Thanksgiving / Black Friday Sale 2017
November 14, 2017 – 10:27 pm | Comments Off on Thanksgiving / Black Friday Sale 2017

Phantom of the Attic
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Guest Review – Action Comics #1

Submitted by on September 14, 2011 – 11:27 pmNo Comment

The following is by guest reviewer Bill Delancey, a customer at Phantom of the Attic.

Action Comics #1
Writer: Grant Morrison
Artists: Rags Morales & Rick Bryant

One of the flagship titles for the DC Universe New 52 comes from Grant Morrison and Rags Morales, Action Comics, starring The Man of Steel. The first #1 issue of Action Comics since 1938.

Grant Morrison brings with him one of the most storied and acclaimed careers in comics history from the start of his American comics career in 1988 with his groundbreaking run on Animal Man leading up to his Batman magnum opus that began in 2006 and culminated with Batman Inc. Morrison also wrote once one of the most beloved and well received Superman stories of the past decade, All-Star Superman, with frequent collaborator Frank Quietly.

Joining him is Rags Morales on art duty with Rick Bryant as inker. Rags’ major works include Identity Crisis with Brad Meltzer, Wonder Woman with Greg Rucka and more recently First Wave with Brian Azzarello.

Morrison and Morales open the issue fast, introducing a familiar yet different Superman than we are all used to seeing. The action, no pun intended, starts early and keeps the reader fighting to keep up for the first third of the story. Superman, dressed in work boots, jeans and a tee shirt, is in the early stages of his crime fighting career. He is young, brash, and reckless (a far cry from the Justice League leading Superman he will one day become). He is shown butting heads with the Metropolis Police Department, using scare tactics on criminals, and cracking jokes while he does it. The change is welcome and interesting; to the reader (and to certain groups of the Metropolis general pubic), Superman comes off as immediately likeable.

The middle of the issue reminds us that Clark Kent is still just Smallville, born-and-raised (well, maybe not “born”. He is from Krypton, after all). Even though he can catch bullets and leap tall buildings he still has to pay his landlady rent and has real world friends like Jimmy Olsen. The issue wraps up with a familiar foe and Superman once again putting his strength to the test against a locomotive, albeit this time, a subway train.

Grant Morrison gives the reader the best there is to offer in Superman comics. He balances the fast paced feats of strength with the slowed down life of an upstart newspaper writer. While both aspects of Clark Kent/Superman don’t necessarily get the same page count they get the perfect amount of story time for each. Neither one of them feels overdone nor overshadowing to the other. Morrison reminds us all what we love most about Superman, we love to see him leap tall buildings and have bullets bounce of his chest but we also love to watch him put on the glasses and try to live a normal life.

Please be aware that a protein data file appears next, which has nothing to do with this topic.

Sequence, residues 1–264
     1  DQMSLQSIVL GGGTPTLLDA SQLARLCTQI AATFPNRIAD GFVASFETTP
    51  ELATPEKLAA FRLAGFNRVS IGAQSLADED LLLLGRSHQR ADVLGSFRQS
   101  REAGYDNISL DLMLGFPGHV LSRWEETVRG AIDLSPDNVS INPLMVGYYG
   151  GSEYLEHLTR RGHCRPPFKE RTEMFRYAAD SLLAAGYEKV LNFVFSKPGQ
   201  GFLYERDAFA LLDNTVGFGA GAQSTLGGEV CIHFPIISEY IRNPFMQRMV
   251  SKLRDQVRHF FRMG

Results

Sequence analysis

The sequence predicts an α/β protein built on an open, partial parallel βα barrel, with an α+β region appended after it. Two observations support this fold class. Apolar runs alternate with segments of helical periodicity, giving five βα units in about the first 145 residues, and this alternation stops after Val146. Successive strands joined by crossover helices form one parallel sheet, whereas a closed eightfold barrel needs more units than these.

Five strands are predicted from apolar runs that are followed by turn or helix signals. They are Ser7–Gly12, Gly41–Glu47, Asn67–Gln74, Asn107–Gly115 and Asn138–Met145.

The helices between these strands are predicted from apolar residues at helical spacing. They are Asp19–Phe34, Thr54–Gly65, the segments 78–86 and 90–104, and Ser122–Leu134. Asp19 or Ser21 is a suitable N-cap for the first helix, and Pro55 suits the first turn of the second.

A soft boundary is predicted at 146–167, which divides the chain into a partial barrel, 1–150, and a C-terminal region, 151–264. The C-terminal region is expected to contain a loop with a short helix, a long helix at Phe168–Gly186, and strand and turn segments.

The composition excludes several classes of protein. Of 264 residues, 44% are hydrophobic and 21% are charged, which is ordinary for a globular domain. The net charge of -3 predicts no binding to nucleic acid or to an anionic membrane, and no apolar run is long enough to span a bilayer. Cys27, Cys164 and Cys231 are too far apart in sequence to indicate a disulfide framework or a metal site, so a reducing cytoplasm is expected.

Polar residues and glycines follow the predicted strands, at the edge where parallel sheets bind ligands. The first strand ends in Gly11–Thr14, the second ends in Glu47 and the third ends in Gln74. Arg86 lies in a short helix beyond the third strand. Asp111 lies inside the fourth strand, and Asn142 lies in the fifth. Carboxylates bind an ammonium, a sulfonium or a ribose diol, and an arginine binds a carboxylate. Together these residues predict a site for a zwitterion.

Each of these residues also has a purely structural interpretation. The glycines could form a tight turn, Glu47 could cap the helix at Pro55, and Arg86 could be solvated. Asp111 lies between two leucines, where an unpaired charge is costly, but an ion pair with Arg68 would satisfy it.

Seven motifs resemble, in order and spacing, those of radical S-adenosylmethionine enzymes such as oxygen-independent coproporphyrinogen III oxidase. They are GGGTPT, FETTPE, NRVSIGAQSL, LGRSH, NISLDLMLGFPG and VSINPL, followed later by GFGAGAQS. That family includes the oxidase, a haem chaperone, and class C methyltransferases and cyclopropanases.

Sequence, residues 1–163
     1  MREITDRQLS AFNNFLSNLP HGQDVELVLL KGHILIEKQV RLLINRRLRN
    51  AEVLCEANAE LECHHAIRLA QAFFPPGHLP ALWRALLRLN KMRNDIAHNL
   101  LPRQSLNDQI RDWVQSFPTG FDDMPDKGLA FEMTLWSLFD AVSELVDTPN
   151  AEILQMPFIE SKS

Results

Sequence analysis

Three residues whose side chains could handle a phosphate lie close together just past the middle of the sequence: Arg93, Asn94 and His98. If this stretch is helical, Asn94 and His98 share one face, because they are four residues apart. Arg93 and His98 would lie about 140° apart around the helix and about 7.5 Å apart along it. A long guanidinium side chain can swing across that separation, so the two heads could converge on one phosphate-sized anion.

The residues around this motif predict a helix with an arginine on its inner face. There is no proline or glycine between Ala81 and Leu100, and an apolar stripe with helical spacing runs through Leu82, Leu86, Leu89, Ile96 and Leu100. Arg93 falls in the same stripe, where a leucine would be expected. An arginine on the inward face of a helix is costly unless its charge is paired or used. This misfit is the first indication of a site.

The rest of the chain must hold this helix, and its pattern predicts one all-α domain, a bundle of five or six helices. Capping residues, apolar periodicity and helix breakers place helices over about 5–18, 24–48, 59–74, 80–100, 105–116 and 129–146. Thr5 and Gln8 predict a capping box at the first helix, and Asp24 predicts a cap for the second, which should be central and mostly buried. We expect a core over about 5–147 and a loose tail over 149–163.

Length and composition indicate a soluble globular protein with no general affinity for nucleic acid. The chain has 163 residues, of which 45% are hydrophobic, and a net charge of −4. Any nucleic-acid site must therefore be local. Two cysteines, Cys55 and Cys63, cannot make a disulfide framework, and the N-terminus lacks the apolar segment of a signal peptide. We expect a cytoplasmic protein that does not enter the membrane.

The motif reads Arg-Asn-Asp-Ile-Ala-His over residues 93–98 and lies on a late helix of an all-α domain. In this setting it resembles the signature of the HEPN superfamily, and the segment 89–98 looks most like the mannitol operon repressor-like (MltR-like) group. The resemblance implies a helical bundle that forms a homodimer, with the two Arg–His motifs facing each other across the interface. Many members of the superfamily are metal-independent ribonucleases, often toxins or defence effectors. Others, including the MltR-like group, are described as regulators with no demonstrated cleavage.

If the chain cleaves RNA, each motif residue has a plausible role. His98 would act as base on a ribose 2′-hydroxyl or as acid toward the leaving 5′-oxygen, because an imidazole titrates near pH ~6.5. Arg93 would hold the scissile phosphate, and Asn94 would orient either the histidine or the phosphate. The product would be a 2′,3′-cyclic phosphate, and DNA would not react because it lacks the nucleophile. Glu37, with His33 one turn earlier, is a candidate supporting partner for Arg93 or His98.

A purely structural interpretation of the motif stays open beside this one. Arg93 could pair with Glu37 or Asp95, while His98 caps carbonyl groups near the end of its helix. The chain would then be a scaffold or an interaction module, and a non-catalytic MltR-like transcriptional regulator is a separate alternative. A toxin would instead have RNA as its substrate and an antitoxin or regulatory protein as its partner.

Rags Morales draws Superman the way everyone sees him in their imagination; handsome, strong, and seemingly perfect. Rags draws the new outfit just the way it was intended, it sticks out as much as it should, reminding readers that this isn’t the Superman they grew up with, but never lets it distract from the story. The action sequences are tightly choreographed allowing the story to move at breakneck speed without confusing readers with unnecessary over the top panel layouts. Rags has a certain style that he has been using his entire career; characters in motion, perfect use of shadows and details, and he sticking with what he knows.

The only concern with Rags Morales on art is if he will keep a steady inker through his Action Comics run. The past has shown, most notably on First Wave, that when more than one inker is working with Morales, the art gets inconsistent. Hopefully Rags and Rick Bryant will keep the art duties together and stay on time.

Action Comics #1 brings fun to the new DCU with an opening issue that gives the reader just about everything they could want. There are enough familiar faces and places for longtime fans, new twists on the old to get people enticed, and plenty of excitement to keep anyone interested. Morrison and Morales give a strong showing with lots of promise for amazing things to come. Highly recommended.

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